Coventry is further from the sea than any other city in the country. But that fact has not prevented the city sometimes being submerged under a virtual tsunami of criticism. It has to be admitted that some of this was, in the past, deserved – but, as the flood waters have receded, a marked and sustained renaissance of the Phoenix City is being revealed.
One of the major drivers of the UK’s economic resurgence has been the country’s automotive sector – and Coventry is right at the heart of it. The UK automotive industry enjoys a turnover of more than £64 billion, with a total of around a million people employed in the sector. The industry also accounts for 10 per cent of total UK goods exports, and invests around £2bn each year in R&D.
One of our most successful car manufacturers, Jaguar Land Rover (JLR), moved its new global headquarters to Whitley on the outskirts of Coventry in 2011, bringing more than 4,000 jobs in R&D, design, engineering and the company’s administrative and back-office functions.
This figure could double now that the company has announced expansion plans to its Advanced Engineering and Design Centre at its global headquarters in Coventry, which will see the city become the heart of ambitious plans for the company as it builds on its success across the world.
A ripple effect of JLR’s success is that the automotive supply chain now employs 190,000 people nationally, with around a quarter of all car parts being supplied by firms in the West Midlands. Local firms at the heart of the UK supply chain include RDM, Brose, Bosch, Denso, Ricardo, MIRA, Unipart, Alpine, Lear and Delphi Lockheed – all bringing jobs and investment to Coventry and the wider region.
But the city’s success extends beyond cars. Other growth sectors include aerospace, energy and renewables, creative and digital technologies and professional and financial services. Companies are being attracted to Coventry because of its location, accessibility, strong skills and knowledge base, hi-tech clusters and support – and the quality of new developments being delivered.
Chief among these is Friargate – a major mixed-use scheme that will transform the city and act as a catalyst for further development. In place making terms, Friargate will provide a new business district for Coventry that will particularly appeal to professional, financial and business services firms.
Linking Coventry Railway Station and the city centre, Friargate is a 300,000 m2 (3,200,000 sq ft) office-led development occupying a site of 15 ha (37 acres). This strategically important development will comprise a vibrant mix of commercial, civic, leisure, residential and hotel space and provide greatly enhanced public realm, with major improvements to pedestrian access.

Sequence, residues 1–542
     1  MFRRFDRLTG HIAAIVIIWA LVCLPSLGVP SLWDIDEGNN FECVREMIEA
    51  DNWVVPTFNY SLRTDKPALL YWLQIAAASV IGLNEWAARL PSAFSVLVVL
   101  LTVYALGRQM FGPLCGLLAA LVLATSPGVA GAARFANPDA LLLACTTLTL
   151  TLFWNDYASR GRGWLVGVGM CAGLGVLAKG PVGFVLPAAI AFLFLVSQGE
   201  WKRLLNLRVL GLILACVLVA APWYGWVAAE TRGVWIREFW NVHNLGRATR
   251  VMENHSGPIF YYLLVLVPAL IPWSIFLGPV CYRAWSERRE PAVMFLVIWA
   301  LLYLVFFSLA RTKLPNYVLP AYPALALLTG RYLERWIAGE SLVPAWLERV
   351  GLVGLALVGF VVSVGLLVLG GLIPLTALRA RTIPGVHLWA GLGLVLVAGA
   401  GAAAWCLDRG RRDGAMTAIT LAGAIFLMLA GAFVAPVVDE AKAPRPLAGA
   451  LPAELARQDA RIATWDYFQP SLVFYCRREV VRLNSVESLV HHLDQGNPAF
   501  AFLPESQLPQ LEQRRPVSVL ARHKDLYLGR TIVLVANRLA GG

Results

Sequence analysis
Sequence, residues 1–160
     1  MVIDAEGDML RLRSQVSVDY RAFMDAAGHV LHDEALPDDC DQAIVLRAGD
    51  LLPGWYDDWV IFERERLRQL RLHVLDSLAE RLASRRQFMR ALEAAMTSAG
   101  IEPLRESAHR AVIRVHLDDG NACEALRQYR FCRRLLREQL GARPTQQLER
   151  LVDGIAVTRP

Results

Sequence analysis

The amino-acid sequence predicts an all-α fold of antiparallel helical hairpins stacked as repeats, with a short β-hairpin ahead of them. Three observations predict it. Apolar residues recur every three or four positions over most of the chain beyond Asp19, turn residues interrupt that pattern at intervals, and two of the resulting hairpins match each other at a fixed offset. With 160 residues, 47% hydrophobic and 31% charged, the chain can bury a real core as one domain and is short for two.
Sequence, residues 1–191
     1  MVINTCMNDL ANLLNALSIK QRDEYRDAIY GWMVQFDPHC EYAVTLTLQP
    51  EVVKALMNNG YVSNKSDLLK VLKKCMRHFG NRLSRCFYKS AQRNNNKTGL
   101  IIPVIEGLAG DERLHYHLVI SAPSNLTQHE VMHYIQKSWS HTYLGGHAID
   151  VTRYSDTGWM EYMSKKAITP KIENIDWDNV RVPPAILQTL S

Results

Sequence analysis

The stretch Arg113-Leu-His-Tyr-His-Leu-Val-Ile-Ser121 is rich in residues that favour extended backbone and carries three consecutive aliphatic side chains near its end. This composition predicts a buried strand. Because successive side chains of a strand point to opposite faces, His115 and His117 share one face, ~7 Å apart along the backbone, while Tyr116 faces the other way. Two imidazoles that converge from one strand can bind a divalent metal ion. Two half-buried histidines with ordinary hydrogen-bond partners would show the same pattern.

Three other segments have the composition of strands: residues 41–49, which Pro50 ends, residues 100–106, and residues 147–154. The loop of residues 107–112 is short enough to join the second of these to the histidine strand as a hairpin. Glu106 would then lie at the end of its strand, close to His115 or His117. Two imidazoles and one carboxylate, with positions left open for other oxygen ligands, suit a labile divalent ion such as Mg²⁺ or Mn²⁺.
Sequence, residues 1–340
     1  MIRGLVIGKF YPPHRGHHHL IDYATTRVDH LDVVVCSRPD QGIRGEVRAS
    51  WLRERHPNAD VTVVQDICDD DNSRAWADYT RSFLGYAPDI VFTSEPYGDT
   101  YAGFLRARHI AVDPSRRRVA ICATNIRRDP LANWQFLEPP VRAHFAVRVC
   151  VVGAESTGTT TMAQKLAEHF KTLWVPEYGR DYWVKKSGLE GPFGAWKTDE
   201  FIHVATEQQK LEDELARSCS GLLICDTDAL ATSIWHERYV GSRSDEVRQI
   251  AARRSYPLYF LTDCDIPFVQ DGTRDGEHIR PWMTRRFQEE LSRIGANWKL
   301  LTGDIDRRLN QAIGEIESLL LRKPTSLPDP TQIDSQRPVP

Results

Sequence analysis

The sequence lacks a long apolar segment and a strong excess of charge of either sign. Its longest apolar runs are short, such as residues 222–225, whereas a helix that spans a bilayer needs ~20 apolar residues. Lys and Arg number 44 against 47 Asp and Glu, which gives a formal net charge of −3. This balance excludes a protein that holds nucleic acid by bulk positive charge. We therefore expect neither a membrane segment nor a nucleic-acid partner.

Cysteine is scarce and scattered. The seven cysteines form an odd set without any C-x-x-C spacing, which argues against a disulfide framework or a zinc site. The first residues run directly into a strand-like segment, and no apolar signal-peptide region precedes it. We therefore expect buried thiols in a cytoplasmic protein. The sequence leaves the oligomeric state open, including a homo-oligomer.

All elements of the new development will be linked by lively streets with ground-floor retail, bar and restaurant units, high-quality public spaces and improved pedestrian routes across the city, directly connecting the railway station to the city centre and creating a more fitting welcome to Coventry for those arriving by train.
Creating up to 15,000 jobs across a range of sectors, Friargate will attract inward investment and draw new visitors, create homes, encourage access to the city centre and bring new life and energy to Coventry. First phase office buildings will be available for occupation from 2017.
Together with a new 52,000sqm retail and leisure quarter being developed in the south of the city centre, this area is set to provide a new commercial focus for Coventry.
Another factor in the city’s renaissance is the success of its two universities – Coventry and Warwick. These award-winning academic centres attract students from around the globe, providing a qualified and skilled young workforce for businesses in Coventry.
Indeed, a recent survey looking at cities offering the best quality of life for 18 to 30-year-olds rated Coventry ahead of London, Prague and Brussels! The city was one of only four in the UK to feature in the Best Student Cities 2015 league table – with its nightlife, theatres, galleries, sporting and music venues providing a wide range of activities.
Finally, figures recently released by UK Trade and Investment show Coventry and Warwickshire is the most successful area outside London in attracting inward investment – further cementing its position as one of the most desirable business locations in the country.
So, the tide has well and truly turned for Coventry. It is making a big splash as a place that encourages businesses, draws students and provides a high quality of life for its residents – instead of criticism, the city is experiencing waves of approbation, increased interest from inward investors and a very optimistic outlook.